Everyone in this neighborhood knows the Jamaican-born Cliff, who has been cooking up a storm in his ramshackle roadside restaurant since 1986. It's difficult to find anybody around here, in fact, who hasn't sat down at one of the stools lined along a counter and dug into curried shrimp, stew peas, pork chops, cow feet, or other West Indian specialties that Cliff's crew does just right. Lunch specials include any of the aforementioned, with pigeon rice, steamed cabbage, fried plantains, and fruit punch or lemonade — for a downright neighborly sum of $5.50. The same price brings a breakfast of yam, banana dumpling, and callaloo, but we haven't even mentioned the really lip-smacking stuff found at Cliff's: curried goat with a devilish ginger-masala kick, and barbecued and/or jerked chicken and pork ribs that get slow-cooked in a black barbecue smoker outside. Ask for the hotter barbecue sauce, which is perked with piquant Scotch bonnet chilies, and request a Red Stripe Beer to chug along. You are set. Cliff's roots, rocks, and reggaes on weekend nights, when giant speakers gush island music until 3:00 a.m
It's all about the pastrami. In Miami, the word "deli" is used to refer to almost any eatery that has any kind of food behind glass counters. But New Yorkers know that "deli" doesn't merely mean a place. Deli is also a food group. And the assumed word preceding it is "Jewish." When you eat deli, you're talking pastrami, corned beef, brisket, all-beef franks with sauerkraut, odorous housemade sour and half-sour pickles, "salads" (like potato and macaroni, not mesclun; cole slaw is as green as it gets with deli), and a belly-busting assortment of the tasty carbs that nineteenth-century Jewish immigrants from Eastern Europe brought to America: potato pancakes, knishes, kasha, crusty caraway-seeded rye bread, and so on. The almost-two-year-old kosher deli Sam's has all these items, and the meats are especially terrific. Corned beef and brisket are both homemade. And while the pastrami isn't (because it requires a special smoker), it's prepared according to the deli's own recipe, resulting in a product that, like good Cuban food, is beautifully spiced but not at all spicy. Both corned beef and pastrami come either lean or regular — the latter meaning properly fatty (the extra flavor is well worth the cholesterol, though pricey: $21.95 per pound versus $17.95 for regular meat). What Sam's hasn't got is smoked fish. But since Arnie & Richie's, just a block away, has fabulous nova, pickled herring, and so on, the absence is not annoying. After one of Sam's mega-size sandwiches ($11.99 for pastrami or corned beef, $.99 more for lean; $12.99 for brisket), diners could use the walk.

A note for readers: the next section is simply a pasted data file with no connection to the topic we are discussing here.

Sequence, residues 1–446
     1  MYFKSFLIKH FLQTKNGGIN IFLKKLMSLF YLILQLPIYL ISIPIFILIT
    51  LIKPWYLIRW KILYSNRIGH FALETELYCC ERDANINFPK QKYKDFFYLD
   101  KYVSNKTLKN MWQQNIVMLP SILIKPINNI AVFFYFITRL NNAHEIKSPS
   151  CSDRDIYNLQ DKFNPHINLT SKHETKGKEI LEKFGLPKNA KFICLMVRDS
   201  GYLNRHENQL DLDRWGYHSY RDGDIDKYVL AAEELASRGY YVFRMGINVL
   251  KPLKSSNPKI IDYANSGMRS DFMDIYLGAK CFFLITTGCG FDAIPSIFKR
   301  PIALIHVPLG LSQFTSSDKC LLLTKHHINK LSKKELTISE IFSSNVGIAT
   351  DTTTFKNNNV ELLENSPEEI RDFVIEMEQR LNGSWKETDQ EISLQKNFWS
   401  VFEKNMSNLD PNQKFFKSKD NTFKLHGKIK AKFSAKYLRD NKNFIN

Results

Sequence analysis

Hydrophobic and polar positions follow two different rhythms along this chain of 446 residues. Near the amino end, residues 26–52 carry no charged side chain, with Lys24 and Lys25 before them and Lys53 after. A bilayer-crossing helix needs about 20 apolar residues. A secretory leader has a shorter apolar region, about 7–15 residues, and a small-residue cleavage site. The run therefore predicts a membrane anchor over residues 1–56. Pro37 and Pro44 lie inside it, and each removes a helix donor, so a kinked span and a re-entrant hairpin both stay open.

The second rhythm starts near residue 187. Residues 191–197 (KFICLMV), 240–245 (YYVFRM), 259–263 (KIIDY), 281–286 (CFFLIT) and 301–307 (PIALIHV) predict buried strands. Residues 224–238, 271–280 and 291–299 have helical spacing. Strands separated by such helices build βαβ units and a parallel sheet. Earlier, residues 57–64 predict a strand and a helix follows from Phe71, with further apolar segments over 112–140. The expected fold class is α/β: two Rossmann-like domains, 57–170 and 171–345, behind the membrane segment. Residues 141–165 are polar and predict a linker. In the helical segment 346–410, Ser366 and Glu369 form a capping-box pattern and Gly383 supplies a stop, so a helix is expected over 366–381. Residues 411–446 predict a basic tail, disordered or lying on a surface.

I. sage-tone walls
gray slate floors
a single yellow tulip in a glass vase

II. big-eye tuna with sparkling orange roe
white fish in ume-plum sauce
painting pan-Asian influences
upon white plates

calligraphy on scroll

III. o satoimo roll,
softly fried, golden-brown soybean skin
whipped taro and blue crab —
be still, little blossom!

IV. 58 chairs
24 small plates
four nightly specials
between $6 and $14

Yes, there are plenty of swank and sleek sushi joints on the beach, with low lighting and creative hand rolls. But sometimes all you want is sushi, and lots of it. California rolls have become the comfort food of the 21st Century, and at Tokyo Bowl — a small restaurant with big flavor — you can get waaaay comfortable in a roomy booth and order all the rolls you want. For $14. That price also includes soup and salad and a small dessert. All of the staples are here: octopus, eel, tuna, tempura. Service is efficient, competent, and friendly. Ambiance is laid-back, with soft jazz and a wooden Buddha or two smiling down on your tekka roll. If you can't wait around, there's takeout and a drive-through window. And a word about the dessert: Try the fried cheesecake roll. We were skeptical, but the oozing, creamy brown-sugar-cheese mixture was almost orgasmic. In a comforting way.
George Martinez
Actually this is the best place to pick a peck of all sorts of specialties from Mother Russia, which is why immigrants from the Old World flock to this deli/grocery from several counties away. They come for the herring, halvah, kasha, caviar, candies, kefir, smoked fish, sundry sausages, Georgian wines, and Baltika beer. And they are also drawn here for various home-style lunches, which are heated up and served at a smattering of tables in the front of the market (there is additional seating outside). These are big, hearty foods such as stuffed cabbage, stuffed peppers, pork steak in brown sauce, fish croquettes, blintzes, a divine beef stroganoff, and the drool-inducing duet of Russian dumplings — vareniki and pelmeni. Pass the sour cream, loosen the borscht belt, and save some appetite (ha!) for pan-fried, puck-shaped, sweetened cottage cheese cakes called sirniki. Many items are under $10, which makes this Little Kiev's biggest bargain.

Best Of Miami®

Best Of Miami®